Learning from Toyota's mistakes
Toyota's "lean production" system is the blueprint for almost every other type of manufacturing, as its painstaking attention to detail, aggressive pursuit of perfection and self-assured marketing techniques has made Toyota the world's largest car firm.
Over the past two decades Toyota have set the standard in manufacturing and not just in the automotive industry. The Japanese giant's "lean production" system is also the blueprint for almost every other type of manufacturing, as its painstaking attention to detail, aggressive pursuit of perfection and self-assured marketing techniques has made Toyota the world's largest car firm.
You won't find a single car-maker who hasn't copied Toyota's manufacturing and supply chain management, so it comes as no surprise that when the company was hit by a devastating series of safety recalls in February, its competitors refrained from basking in its failings and instead returned to their shop floors fully aware that the same could happen to them.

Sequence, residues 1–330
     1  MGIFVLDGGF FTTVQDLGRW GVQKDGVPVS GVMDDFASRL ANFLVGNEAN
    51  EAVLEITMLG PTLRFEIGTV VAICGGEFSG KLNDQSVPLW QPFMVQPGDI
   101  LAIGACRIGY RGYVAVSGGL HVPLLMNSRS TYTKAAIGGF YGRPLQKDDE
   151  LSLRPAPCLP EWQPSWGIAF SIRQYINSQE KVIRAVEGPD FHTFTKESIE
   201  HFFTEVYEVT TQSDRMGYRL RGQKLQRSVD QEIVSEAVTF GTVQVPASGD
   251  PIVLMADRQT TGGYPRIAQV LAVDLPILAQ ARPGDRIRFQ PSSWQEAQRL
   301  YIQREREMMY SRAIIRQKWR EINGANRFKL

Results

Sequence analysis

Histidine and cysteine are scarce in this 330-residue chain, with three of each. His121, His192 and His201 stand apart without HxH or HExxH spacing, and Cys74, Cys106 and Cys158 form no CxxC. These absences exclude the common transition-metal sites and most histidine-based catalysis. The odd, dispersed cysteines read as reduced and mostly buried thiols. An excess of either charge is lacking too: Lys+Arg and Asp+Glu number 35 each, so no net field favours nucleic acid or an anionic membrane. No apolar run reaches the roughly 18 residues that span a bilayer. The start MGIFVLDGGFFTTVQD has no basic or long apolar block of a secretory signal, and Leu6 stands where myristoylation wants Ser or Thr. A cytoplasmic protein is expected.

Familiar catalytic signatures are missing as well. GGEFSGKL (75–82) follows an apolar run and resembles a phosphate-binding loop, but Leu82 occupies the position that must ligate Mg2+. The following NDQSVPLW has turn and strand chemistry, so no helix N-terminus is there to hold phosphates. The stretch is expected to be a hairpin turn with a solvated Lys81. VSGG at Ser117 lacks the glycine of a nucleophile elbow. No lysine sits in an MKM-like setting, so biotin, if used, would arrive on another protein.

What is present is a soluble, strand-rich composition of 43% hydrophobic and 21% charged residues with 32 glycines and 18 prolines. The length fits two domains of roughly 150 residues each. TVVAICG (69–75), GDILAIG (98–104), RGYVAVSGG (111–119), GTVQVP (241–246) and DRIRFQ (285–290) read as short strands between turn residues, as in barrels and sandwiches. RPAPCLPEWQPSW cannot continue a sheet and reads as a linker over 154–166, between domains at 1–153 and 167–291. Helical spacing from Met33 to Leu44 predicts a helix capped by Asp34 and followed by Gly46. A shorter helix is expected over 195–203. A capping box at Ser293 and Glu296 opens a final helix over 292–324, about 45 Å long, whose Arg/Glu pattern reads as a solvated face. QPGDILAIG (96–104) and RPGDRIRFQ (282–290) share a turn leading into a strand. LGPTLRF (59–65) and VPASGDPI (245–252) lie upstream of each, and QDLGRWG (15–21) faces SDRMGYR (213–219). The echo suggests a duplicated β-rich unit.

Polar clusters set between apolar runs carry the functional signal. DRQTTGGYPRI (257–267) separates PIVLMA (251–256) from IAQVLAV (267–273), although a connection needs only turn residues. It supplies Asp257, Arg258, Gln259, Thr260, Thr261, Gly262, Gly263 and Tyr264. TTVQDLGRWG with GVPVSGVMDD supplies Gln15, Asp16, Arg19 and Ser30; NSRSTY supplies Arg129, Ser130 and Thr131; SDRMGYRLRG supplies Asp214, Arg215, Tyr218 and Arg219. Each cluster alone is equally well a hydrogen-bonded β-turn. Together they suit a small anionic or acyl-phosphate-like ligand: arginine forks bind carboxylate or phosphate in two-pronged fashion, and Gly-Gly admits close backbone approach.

Toyota successfully manufactured its own downfall via a number of practices that were far removed from the well established processes that made them the market leader. In a relentless pursuit of growth, Toyota dropped the ball as it began to push the lean production model beyond its limits and engineering quality ultimately suffered as a result.
As Toyota boss Akio Toyoda himself put it in his testimony to a US congressional panel, "Toyota has, for the past few years, been expanding its business rapidly. Quite frankly, I fear the pace at which we have grown may have been too quick."
Weak working relationships
In 2002, Toyota set itself the goal of increasing its global market share from 11 percent to 15 percent, a goal that was driven purely by "ego", according to James Womack, one of the authors of The Machine that Changed the World.
The automotive manufacturing industry is made up of a complex web of original equipment manufacturers or...